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S & H Concert Review

MOSTLY MOZART: Mozart: Overture to ‘Die Entführung,’ Sinfonia Concertante, Symphony no. 39: Beethoven, Piano Concerto no. 2. Academy of St. Martin in the Fields, cond. Emmanuel Krivine, with Freddy Kempf, Priya Mitchell, David Garrett (ME).


The ‘Mostly Mozart’ series at the Barbican borrows its name from the famous festival at New York’s Lincoln Center, but you should beware of certain essential differences, admittedly peripheral to the music itself but nonetheless influential in terms of one’s enjoyment of an evening. The most obvious contrast is the setting; where New York has the lively, buzzy, open – air feel of the Arts concourse of the superb Lincoln Center, London’s version has…well, the Barbican. The hall may be much improved in musical terms, but the whole is as dreary as ever it was, and our dinner experience provided ample evidence of that, as well as being an exchange worthy of Basil Fawlty himself.

The Barbican’s one potentially attractive feature is the little terrace with its watery levels and pleasant church view; the Balcony Bistro overlooks this and, as well as calling itself ‘Balcony,’ informs that it has ‘Limited Outdoor Seating, Weather Permitting.’ We arrived at 6.00 on one of the few sunny days of the year, saw the inviting looking terrace with its tables set out, and of course asked to be seated out there, only to receive the reply ‘No, outside is closed.’ Of course, we protested – all the windows were open onto the terrace, it was sweltering inside – how could ‘outside’ be ‘closed?’ No matter, they would not seat or serve us there. We tried again when our drinks were brought, and the answer this time was absolutely priceless: ‘You can’t sit outside because if you did, then everyone would want to sit there and there would not be enough tables outside for everyone.’ I might add that there were as many tables outside, as there were in. We tried saying ‘So? First come, first served, like it is anywhere else in the world…’ and so on, but to no avail. Later arrivals tried, too, but meekly retreated when told no, it is sunny there, but you can’t sit outside – we, however, just took our food outside once it had been served, and enjoyed our meal all the more. ‘Bloody Americans,’ you could almost hear the gentle Brits hissing as they sweated into their rather good Chardonnay.

Anyway, back to the music. Once inside the concert hall, things look up distinctly. The place is full of an eclectic mixture of folks, all looking forward to this pleasantly ‘Lite’ style of concert in which three young and personable soloists are teamed with a veteran orchestra and established conductor. Emmanuel Krivine has been a stalwart of the musical scene for many years, without ever being regarded as a star; in his role as Music Director of the Orchestre National de Lyon he has made several noteworthy recordings, but his profile is less than glamorous, which is a pity since he really is something special. I’ve speculated before on these pages as to exactly what conductors are for, but with the likes of Krivine, there’s no need to ask because you can see it in every beat - he’s there to enthuse the orchestra to such a level that they play well – worn pieces as though they’ve just encountered them, and to convey that spirit of love and understanding to the audience. This was especially evident in the overture, which was played with so much sheer fizz I thought some of the musicians might take off – those whizzing semiquavers have seldom sounded so lively.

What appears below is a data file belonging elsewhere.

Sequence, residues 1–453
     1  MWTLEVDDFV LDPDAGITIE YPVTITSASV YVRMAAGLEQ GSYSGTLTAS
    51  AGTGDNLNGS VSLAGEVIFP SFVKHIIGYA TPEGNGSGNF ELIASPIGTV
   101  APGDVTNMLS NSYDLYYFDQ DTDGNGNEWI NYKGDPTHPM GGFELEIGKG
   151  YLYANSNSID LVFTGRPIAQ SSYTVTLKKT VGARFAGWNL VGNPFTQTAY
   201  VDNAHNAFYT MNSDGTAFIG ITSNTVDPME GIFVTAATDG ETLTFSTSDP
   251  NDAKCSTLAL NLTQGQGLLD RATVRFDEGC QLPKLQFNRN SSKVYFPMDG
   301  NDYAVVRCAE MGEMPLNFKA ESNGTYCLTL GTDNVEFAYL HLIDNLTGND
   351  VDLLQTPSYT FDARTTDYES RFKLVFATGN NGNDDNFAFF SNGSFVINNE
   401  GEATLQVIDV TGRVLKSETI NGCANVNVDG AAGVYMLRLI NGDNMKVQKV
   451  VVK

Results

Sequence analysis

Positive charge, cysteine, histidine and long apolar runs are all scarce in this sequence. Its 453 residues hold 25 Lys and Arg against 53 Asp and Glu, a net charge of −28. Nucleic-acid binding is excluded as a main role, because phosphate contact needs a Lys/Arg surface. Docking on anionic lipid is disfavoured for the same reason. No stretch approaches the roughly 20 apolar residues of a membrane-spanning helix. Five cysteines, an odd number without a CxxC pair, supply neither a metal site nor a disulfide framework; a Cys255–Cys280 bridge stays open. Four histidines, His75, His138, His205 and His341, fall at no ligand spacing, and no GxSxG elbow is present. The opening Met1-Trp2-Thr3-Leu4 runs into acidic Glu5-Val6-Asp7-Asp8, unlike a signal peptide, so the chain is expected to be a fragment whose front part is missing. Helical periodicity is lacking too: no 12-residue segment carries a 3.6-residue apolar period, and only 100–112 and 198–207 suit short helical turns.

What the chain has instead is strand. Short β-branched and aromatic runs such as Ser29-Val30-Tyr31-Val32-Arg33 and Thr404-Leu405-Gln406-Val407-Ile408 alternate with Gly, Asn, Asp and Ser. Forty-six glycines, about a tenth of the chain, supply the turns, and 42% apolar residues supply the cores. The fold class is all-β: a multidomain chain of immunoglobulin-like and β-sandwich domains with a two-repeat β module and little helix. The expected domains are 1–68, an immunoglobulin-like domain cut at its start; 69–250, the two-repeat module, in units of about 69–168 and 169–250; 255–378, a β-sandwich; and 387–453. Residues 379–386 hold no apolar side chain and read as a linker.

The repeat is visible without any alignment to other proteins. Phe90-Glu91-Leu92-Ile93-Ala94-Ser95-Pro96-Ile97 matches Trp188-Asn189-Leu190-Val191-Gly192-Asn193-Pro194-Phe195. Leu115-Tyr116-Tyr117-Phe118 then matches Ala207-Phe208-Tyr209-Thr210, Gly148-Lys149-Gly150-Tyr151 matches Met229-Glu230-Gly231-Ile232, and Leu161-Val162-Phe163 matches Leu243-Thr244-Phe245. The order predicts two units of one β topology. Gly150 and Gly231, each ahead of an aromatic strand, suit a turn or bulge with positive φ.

The Sinfonia Concertante was less impressive, not owing to any lack of skill on the part of orchestra or conductor but simply because Mitchell and Garrett, for all their impressive youth and showmanship, turned in rather superficial readings; if Mozart himself played the viola part here, and his father the violin, one must surely imagine them to have given the music more emotional drive than this, especially in the wonderful slow movement. It was a different matter with Beethoven’s B flat major piano concerto, which Freddy Kempf performed with absolute grace. Obviously the most Mozartian of the later composer’s works, this concerto’s appearance of lightness and vigour conceal much evidence of the later Beethoven, principally in the exquisite Adagio, and Kempf’s lyrical, pensive, collaborative playing of it left very little to be desired. Here is a pianist who is neither showy nor reticent, and who appreciates that a concerto is a dialogue with the orchestra; his engagement with the piece put me in mind of Ashkenazy’s playing of it.

Mozart’s Symphony no. 39 ended the programme in a wholly satisfying performance. The influence of Krivine’s mentor Karl Böhm was clearly heard in his direction of it, since like Böhm he encouraged the orchestra to shape the music with loving skill, allowing the melodies the chance to really sing out. He judged the drama of the first movement superbly, and the chattering woodwind exchanges in the finale were as witty as they should be but so often are not. The Andante was sweetly lyrical but still kept the dramatic urgency of the Allegro, and the almost martial Minuet was full of stirring moments. The orchestra played superbly for him and the audience was enthusiastic, so it was no surprise to see the conductor humming a jaunty little air as he bounded off the platform with a spring in his step, echoing the mood of all of us as we emerged from the light and elegance of this concert into the crepuscular crassness that is the Barbican centre.

Melanie Eskenazi


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